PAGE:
VPS vs IaaS vs Everything Else
Lately, we've been fielding a lot of questions about the differences between VPS, "Cloud Hosting", and Infrastructure as a Service (Iaas). Before we compare the three and give you the information you need to figure out whether the difference matters for your application, let's spend some time defining each type of offering, and describe what the typical experience might be in purchasing or using them.
Virtual Private Server (VPS)
VPS offerings are the oldest and simplest (to understand) type of cloud offering. When you sign up for a VPS service, you generally pick the size and type of server you need, and then receive the information you need to log into the virtual machine (VM) that the Service Provider creates for you. The type of access you have to the VM varies from one service provider to another -- some providers give you remote console access (usually via a browser plugin), while others limit your access to the server application's web GUI or SSH command-line access. Wikipedia even makes the following distinction based on the level of configurability: "A VPS which is dynamic (that is, it can be changed at runtime) is often referred to as a 'cloud server'."
The virtual hardware specs of the VM, and what operating system and applications are installed on it depend on the choice you made at the time you signed up for the service. Your virtual machine lives on a physical server in the SP's data center, and runs under one of several hypervisor platforms (usually KVM, Xen, or OpenVZ).
Here is an example of how you might describe the process of purchasing a VPS:
You decide that you need an Elastix PBX to handle your small office's phone calls, and you don't want to purchase a physical server for this. You find a VPS provider that sells "micro Elastix servers" for $25/month, so you sign up with them. Once your SP provisions the virtual machines, you receive the information you need to remote console into your new virtual private server, and you go on to configure Elastix with the settings you need to make your phones work. The virtual server is connected to the Internet, so you configure iptables or some other firewall software on it to protect it, and you handle operating system and application upgrades -- just like you would with a physical server.
A few months later, you decide you want a MySQL server and a web server. Now you purchase two more virtual servers from your VPS provider -- a "Medium Web Server" and a "Large MySQL Server" instance - at $50 and $100 respectively. Again, your provider creates two new VM's for you, and you log into each one and configure them to your liking. Each of these is also connected to the Internet, so you also configure iptables on each one. And since you want your MySQL and web servers to be able to talk to each other, you add rules into iptables to permit this.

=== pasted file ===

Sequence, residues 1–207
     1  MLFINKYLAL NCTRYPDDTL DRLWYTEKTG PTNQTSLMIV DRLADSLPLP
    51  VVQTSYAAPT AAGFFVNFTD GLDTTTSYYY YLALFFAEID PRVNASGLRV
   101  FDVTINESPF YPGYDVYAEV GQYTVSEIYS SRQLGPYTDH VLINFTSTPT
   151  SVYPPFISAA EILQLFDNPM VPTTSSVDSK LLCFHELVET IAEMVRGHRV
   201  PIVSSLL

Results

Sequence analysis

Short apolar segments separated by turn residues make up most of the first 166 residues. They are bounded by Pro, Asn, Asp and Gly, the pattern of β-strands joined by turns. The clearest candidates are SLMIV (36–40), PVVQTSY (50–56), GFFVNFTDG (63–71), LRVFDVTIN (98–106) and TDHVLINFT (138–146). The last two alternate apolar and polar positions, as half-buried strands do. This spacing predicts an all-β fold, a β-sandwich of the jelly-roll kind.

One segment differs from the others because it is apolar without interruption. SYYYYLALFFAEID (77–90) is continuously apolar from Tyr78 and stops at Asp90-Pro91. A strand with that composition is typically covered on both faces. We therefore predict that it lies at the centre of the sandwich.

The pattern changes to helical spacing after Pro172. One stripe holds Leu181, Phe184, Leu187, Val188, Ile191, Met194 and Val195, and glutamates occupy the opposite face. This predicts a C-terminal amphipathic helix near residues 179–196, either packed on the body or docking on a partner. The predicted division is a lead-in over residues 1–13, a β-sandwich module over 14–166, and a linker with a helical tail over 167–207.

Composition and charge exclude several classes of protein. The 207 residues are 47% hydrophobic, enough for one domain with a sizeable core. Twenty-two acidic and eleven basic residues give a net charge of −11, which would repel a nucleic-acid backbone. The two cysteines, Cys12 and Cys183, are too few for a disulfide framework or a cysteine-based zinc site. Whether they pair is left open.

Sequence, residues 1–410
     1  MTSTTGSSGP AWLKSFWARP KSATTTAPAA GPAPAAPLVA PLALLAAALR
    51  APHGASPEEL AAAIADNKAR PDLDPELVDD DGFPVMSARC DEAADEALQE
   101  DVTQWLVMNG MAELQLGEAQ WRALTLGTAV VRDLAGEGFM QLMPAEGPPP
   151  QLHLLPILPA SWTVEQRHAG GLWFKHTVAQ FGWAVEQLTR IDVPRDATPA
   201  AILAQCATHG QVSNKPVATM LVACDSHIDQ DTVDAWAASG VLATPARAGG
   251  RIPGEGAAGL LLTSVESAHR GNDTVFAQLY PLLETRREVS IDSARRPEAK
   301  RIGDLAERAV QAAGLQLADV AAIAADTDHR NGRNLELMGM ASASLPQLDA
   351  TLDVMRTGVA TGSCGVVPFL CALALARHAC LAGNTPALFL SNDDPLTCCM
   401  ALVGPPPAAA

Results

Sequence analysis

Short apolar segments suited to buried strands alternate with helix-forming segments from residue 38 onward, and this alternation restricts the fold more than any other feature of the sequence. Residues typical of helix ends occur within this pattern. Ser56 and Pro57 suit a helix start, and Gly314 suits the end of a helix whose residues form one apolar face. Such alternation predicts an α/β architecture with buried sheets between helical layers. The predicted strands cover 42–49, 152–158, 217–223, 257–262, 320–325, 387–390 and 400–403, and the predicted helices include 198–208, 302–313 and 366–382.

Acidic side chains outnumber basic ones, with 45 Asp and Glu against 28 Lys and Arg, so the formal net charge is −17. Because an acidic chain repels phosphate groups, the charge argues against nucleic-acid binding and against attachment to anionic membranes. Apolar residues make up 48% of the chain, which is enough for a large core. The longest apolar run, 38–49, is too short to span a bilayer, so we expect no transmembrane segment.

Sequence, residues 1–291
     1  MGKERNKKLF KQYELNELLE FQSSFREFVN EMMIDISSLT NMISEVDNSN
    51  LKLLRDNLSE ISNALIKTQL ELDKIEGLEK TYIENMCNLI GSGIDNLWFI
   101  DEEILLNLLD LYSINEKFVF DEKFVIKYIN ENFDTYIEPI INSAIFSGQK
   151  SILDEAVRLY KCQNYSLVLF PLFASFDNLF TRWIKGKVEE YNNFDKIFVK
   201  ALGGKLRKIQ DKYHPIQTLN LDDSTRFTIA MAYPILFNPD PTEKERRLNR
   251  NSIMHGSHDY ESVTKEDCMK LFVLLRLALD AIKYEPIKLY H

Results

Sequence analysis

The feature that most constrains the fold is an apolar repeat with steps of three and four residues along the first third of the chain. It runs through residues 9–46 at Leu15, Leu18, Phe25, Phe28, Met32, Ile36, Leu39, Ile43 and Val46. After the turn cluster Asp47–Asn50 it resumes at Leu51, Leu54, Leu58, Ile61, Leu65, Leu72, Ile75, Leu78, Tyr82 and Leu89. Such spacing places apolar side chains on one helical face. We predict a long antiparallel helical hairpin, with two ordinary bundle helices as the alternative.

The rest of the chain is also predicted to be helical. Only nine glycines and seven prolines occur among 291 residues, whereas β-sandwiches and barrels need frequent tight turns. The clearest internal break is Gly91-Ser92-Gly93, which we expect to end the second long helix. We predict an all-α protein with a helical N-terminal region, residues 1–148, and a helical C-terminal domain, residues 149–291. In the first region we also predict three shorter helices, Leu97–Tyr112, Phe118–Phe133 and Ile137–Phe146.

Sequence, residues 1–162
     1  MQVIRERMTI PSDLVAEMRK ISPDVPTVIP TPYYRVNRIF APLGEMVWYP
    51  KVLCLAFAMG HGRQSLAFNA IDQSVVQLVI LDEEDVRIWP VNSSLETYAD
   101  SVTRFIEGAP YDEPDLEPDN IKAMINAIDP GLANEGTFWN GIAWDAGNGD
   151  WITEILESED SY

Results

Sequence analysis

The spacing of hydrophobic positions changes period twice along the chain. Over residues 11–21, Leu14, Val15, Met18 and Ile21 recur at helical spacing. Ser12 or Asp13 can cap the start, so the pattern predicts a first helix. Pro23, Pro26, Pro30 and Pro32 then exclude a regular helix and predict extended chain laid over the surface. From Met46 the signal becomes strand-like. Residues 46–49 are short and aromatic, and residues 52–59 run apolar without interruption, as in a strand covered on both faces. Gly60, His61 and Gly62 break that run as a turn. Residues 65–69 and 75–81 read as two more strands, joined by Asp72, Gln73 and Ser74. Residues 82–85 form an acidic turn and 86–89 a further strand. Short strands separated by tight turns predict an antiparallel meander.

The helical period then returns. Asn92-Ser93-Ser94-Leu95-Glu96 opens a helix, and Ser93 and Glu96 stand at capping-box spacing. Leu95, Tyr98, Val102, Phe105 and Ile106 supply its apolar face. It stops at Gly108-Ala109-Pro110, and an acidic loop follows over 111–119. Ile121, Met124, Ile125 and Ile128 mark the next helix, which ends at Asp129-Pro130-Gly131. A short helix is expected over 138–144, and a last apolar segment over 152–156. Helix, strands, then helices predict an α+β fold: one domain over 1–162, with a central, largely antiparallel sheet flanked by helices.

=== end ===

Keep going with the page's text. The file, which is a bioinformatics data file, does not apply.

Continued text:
One year later, business is great - so great that you've outgrown your "medium" web server, and need to beef up the CPU and RAM on it. You sign up for a "Large Web Server" with the provider, move all your configuration files over to it, and tell your provider to cancel the Medium Server that you were using up until now. This involves a little bit of downtime - you have to move files and change DNS entries to point to the new server's IP address, but it's still easier to manage than having a physical server sitting in the closet in the corner of your office.
First, let me explain why I keep putting the words "Cloud Hosting" in quotes: It's because all three of the approaches we're discussing here are, at their core, just different approaches to cloud hosting. The thing is, when people talk about VPS vs. Something, they usually don't have a good term for what that Something is -- and so they call it "Cloud Hosting". Up until recently, it would have been fine to just say "VPS vs. Everything Else", because that's what the discussion was really about - but we can't even do that anymore, because VMware™ went and introduced a platform that is nothing like Everything Else.... but before I get ahead of myself, let's finish talking about "Cloud Hosting". For the moment, let's just agree that we will call everything that isn't VPS or IaaS "Cloud Hosting" so we can talk about it for a minute.